Study Guide

Midwinterblood Sacrifice

By Marcus Sedgwick

Sacrifice

"We will do everything as we always do."

That's Tor. The man he thinks is Henrik speaks next.

"But will it do any good? We have tried for so long!"

"We will do everything as we always do," Tor repeats. He sounds angry. "We will do as our ancestors did."

There is a confusion of voices then, everyone talking at once.

Then Merle says, "I agree with Henrik. We ought to try something different." (1.9.23-28)

Not everyone is sold on the whole human sacrifice thing. Does this mean that Eric isn't the first person they've killed in the attempt to make the island fertile again? Will the sacrifice only work if it's offered freely like it was when King Eirikr did it?

It is a stone table.

Now he begins to struggle, quietly at first, then desperately.

Sheer fear surges from his stomach, into his mouth, making him want to be sick. He fights harder, but the more he struggles, the tighter the silent hands hold him.

He is steps from the stone table, and there is Tor at his side, as he is pulled backward toward it, kicking and now screaming, screaming.

They rip his shirt from his back, cast him onto the table, still pinning him fiercely. The stone rips into his skin, the sun almost blinds him, but his wide terror-staring eyes have time to see Tor draw a massive curved knife from somewhere. (1.13.50-54)

Okay, things are not looking good for Eric Seven. He's quickly put two and two together, and gets that he's about to become a sacrifice. They're going to kill him in some bizarre cultic ritual. Yikes.

In the pure bright moonlight, he half sees Erik, a shadow moving along the coast. The soldiers are after him, running.

Torchlight sweeps the dark, and finds Erik.

There is a short sudden clatter of machine gun fire.

It stops.

David knows that Erik will not be cutting the wheat tomorrow. (3.11.51-55)

Erik runs away from David to lure the enemy soldiers away from him, and David gets to make a clean getaway, but Erik is gunned down. The farmer gives up his own life to save the soldier. Just a few days ago, he didn't even like David. Why do you think Erik is willing to make this sacrifice for a stranger?

"It is a scene from legend, from the sagas. It depicts the sacrifice of King Eirikr, on this very island here, to appease the gods, and to appease the people, after his crops failed for the third year in a row.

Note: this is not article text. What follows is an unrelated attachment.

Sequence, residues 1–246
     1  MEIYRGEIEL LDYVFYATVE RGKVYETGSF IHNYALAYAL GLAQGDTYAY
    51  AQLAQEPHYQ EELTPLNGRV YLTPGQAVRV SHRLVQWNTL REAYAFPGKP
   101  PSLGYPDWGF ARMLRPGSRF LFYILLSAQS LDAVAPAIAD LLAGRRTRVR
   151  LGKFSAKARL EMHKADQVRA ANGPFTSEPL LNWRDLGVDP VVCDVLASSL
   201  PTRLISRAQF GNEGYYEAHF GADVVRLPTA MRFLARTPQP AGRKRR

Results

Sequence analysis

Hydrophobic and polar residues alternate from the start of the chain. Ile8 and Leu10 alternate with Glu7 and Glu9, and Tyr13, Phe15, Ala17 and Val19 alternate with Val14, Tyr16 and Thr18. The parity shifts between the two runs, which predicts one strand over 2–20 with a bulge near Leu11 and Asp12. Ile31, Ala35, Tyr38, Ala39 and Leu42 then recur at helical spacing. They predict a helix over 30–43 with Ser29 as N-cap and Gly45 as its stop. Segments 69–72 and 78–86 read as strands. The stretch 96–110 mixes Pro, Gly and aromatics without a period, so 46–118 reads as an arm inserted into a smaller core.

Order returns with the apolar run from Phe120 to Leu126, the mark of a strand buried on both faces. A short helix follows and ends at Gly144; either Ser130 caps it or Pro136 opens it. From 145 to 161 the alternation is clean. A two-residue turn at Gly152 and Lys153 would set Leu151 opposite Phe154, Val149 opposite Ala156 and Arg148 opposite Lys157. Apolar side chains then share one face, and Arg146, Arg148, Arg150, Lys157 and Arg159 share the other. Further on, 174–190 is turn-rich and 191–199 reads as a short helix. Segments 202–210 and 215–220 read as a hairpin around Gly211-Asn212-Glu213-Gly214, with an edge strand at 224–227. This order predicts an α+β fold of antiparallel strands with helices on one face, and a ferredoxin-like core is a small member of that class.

"It is a blood sacrifice, because after two lesser sacrifices, after the previous famines, the high priest has declared that nothing else will suffice. To appease the gods, you see."

The man from the museum inclined his head. "Sacrifice. That's a somewhat … outdated … notion, isn't it? In this modern world?"

"Outdated?" echoed Eric. Suddenly, he felt very old. He felt that he didn't understand.

"The theme is old, but not outdated," he explained, feeling bewildered. "And it refers to the island, this island, whose very name is written in blood!"

"Really?" said one of the men.

"Indeed. People think the name of this island means 'blessed,' and so it does, but 'blessed' does not mean what people think it does. In the old tongue it was bletsian and before that blotsian, and before that, just blod. It means sacrifice.

Sacrifice.

"To bless means to sacrifice, and in blood." (4.11.6-15)

Museum big wigs just don't understand. These guys aren't impressed with the idea that modern folks sacrifice things. Maybe we don't engage in ritual slaughter, but people sacrifice things every day—their time, their freedom, their possessions, their lives—all to make someone else's life a little bit better.

Eric sat in the darkening room staring up at his masterpiece.

Sacrifice, he thought. Outdated?

Young upstarts from the city. Just because we have entered the modern world, have we done with suffering? Have we done with love, and loss? Have we done with wars? Then, there will be sacrifice! And when a parent works themselves to death to feed their child? Sacrifice?

And when a mother dies in childbirth?

Sacrifice. (4.11.20-24)

Nicely put, sir. When people are through with suffering, then people will be through with sacrificing. And that will be, oh, about never o'clock.

The twins stared at each other and at Laura.

"Do you mean, Erik drowned himself?"

Laura nodded, slowly, and the twins' eyes widened.

Erik knew their love could never be, and more than that, Merle's father had threatened to put Erik's whole family out of business. He was so powerful, he could have done it, just like that. (5.6.1-4)

Yet another one of Erik(a)'s sacrifices. This time she drowns herself so that her lover and her family won't be ruined; now she's no longer a temptation. Of course, this doesn't sit too well with Merle.